BC Hunting Licensing

September 2013 – February 2014

Note: All work products for this project are protected under NDA. For more details, please contact me directly.

The Project

In consideration of the design and development of an e-licensing system for hunting in British Columbia, the Fish, Wildlife and Habitat Management Branch (FWHMB) of the Ministry of Forests, Lands and Natural Resources Operations (FLNRO), in partnership with the Ministry of Technology, Innovation and Citizens’ Services (MTIC), undertook a user-experience-based service design research study to better understand the entire ecosystem of hunting licensing in British Columbia. The purpose of this study was twofold. First and foremost, its purpose was to examine the hunting licensing process from the hunters’ perspective in order to identify potential areas of opportunity for information and service delivery improvement across the entire program area, including but also reaching beyond the limits of an e-licensing program. Its second purpose was to form a proof of concept for the development of a service design program within the provincial government. Number 41 Media was contracted to conduct this research and present the findings to numerous stakeholders from both FWHMB and MTIC.

As the lead researcher for this project, I was largely responsible for the planning and execution of a qualitative research study that used behavioural interviews with resident hunters and other hunting stakeholders across BC to identify information and service delivery gaps within the existing hunting ecosystem and to further identify areas of opportunity stemming from these gaps.


I first began by immersing myself in the hunting program from a hunter’s perspective. I conducted a detailed environmental scan of the hunting program website and read every other piece of publicly available information that pertained to the hunting program in order to develop two research artifacts: a mindmap of the entire hunting ecosystem and a motivation matrix of all the hunting program stakeholders.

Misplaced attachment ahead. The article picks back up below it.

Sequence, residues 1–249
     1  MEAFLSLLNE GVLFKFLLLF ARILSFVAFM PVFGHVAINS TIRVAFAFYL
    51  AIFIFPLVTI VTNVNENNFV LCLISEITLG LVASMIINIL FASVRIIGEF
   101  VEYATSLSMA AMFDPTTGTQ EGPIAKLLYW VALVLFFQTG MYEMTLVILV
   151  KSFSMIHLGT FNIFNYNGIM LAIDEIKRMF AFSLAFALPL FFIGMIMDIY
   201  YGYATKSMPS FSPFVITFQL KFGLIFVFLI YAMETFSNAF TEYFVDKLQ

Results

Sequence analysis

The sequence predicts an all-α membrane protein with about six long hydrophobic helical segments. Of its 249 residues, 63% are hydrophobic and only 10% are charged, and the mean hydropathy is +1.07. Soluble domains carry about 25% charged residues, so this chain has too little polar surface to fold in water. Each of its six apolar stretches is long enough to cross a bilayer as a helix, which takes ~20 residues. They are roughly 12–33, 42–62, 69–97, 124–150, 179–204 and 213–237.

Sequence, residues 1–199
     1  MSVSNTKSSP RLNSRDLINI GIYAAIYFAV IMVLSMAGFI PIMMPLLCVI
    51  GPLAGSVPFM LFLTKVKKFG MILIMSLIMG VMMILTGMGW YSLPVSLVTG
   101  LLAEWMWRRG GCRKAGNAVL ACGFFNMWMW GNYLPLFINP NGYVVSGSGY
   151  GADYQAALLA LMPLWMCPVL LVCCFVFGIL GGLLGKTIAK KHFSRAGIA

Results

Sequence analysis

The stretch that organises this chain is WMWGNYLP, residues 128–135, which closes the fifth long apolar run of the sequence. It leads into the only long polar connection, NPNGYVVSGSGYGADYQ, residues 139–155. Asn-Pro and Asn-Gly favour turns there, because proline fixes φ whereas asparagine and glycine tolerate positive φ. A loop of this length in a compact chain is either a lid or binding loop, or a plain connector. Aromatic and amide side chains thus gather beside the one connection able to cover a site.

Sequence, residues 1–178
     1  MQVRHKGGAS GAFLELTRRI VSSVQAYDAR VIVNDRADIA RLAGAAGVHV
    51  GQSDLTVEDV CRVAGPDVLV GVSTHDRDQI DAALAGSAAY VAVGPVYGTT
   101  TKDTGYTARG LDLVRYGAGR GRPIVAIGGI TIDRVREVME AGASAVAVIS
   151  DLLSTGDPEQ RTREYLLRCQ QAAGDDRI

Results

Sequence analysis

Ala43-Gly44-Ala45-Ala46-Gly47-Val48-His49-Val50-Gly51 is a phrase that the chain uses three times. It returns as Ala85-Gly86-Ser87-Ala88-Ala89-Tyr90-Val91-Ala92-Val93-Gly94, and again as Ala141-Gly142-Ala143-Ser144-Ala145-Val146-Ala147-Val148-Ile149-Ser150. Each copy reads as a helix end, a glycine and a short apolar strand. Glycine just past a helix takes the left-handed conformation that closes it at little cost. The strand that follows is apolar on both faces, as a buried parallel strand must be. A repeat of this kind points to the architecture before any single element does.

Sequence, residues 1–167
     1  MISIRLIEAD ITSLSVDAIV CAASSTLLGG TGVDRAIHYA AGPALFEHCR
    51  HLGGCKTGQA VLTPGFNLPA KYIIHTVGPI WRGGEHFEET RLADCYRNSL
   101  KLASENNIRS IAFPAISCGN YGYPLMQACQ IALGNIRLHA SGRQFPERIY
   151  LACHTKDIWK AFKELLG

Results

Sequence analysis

I then facilitated two separate workshops with government staff which consisted of two distinct yet related activities. In the first activity, I asked participants to work in small groups to make revisions and corrections to the printed mindmap using felt pens and sticky notes. I then asked participants to complete a motivation matrix, in which the diagonal cells from top left to bottom right in a chart were to identify the various stakeholder groups’ motivations for participating in the hunting program and the remaining cells were to identify the interactions that occur between stakeholder groups.

These completed activities were then applied to my development of a stakeholder research plan. I then embarked on a multi-week tour of British Columbia to conduct behavioural interviews with hunters and other hunting stakeholders throughout the province. The results of these sessions were then captured in a research findings document that was presented to the internal stakeholders at the FWHMB and MTIC.